‘Broad’s retirement makes me ‘more firm’ to continue playing’

Anderson is England’s all-time leading Test wicket-taker with 690 scalps, with Broad set to end his Test career with 600 wickets…reports Asian Lite News

Veteran England fast bowler James Anderson has revealed that Stuart Broad’s retirement from the game after the end of the fifth Ashes Test at The Oval has made him “even more firm” in continuing to play the game.

Anderson is England’s all-time leading Test wicket-taker with 690 scalps, with Broad set to end his Test career with 600 wickets. Anderson came into the fifth and final Ashes Test on the back of taking just four wickets in the series at an average of 76.75. His future has been a big talking point, especially with him turning 41 during the match.

“Not at all no. I am even more firm; I want to keep going. I have had a really disappointing series by my standards. I have not got the wickets I would have expected from myself. I don’t think I have bowled particularly badly, I have just not…felt like I made an impact for the team that I would have liked and what I expect from myself,” said Anderson to Sky Sports.

The right-arm pacer also said he feels good to continue, especially with England’s next Test assignment after the Ashes being a five-match series trip to India from January 25 to March 11 next year.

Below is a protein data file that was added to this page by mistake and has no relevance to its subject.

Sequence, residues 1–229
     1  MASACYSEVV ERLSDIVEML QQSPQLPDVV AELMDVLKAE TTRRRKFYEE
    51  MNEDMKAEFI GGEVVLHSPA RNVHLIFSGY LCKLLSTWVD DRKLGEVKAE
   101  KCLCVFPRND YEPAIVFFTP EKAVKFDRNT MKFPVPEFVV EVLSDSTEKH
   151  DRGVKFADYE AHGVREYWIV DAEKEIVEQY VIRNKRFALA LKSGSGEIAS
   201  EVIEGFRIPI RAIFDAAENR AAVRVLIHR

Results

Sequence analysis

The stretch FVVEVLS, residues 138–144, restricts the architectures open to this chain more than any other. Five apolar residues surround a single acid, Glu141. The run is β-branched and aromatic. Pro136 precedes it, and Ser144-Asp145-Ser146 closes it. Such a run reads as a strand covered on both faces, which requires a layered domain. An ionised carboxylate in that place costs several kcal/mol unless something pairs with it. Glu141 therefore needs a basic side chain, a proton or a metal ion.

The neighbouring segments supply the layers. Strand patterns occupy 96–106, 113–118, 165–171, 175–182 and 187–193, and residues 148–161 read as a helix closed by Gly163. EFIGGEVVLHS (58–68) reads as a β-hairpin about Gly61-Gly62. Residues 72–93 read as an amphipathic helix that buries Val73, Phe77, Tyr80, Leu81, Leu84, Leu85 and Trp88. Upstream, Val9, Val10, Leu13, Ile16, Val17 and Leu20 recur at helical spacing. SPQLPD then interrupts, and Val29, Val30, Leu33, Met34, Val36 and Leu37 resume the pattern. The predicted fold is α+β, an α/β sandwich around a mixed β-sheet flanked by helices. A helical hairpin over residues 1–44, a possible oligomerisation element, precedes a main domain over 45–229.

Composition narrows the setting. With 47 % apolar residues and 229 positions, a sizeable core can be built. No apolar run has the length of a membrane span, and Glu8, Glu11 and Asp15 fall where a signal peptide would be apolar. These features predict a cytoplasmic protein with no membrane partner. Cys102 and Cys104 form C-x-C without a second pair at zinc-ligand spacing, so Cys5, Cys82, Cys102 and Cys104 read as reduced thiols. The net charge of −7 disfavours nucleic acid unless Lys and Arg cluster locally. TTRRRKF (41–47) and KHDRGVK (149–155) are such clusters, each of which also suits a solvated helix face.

“My body is fine, my skills are fine. I think I’m bowling well enough. With the break we have got after this series, I want to go away and in my head, I think I want to keep working at stuff and make sure I got back to where I know I can be. Having that hunger and desire to go and do that makes it feel I want to keep going,” added Anderson.

Talking about his long-time bowling partner Broad’s retirement announcement, Anderson admitted to being surprised to overhear it. “I was a little bit shocked when he told me. I respect his decision as he seems clear on what he wants to do.”

On the rain-hit day four, Broad put an arm around Anderson before walking through Australia’s guard of honour to resume England’s second innings with the bat. Anderson expressed he felt honoured to see Broad pull off a six in Mitchell Starc’s opening over of the day.

“Sunday morning was really special — getting to walk out with him on the field, watch him hit his last ball in Test cricket for six. The crowd were amazing, the ovation he got was incredible and I felt really lucky to be out there and experience it.”

“We both said when we saw that image if we put one photo in our house of our careers, it would be that one. We loved playing together. Neither of us could have achieved what we have without the other. It’s incredibly special and I will definitely miss him,” he concluded.

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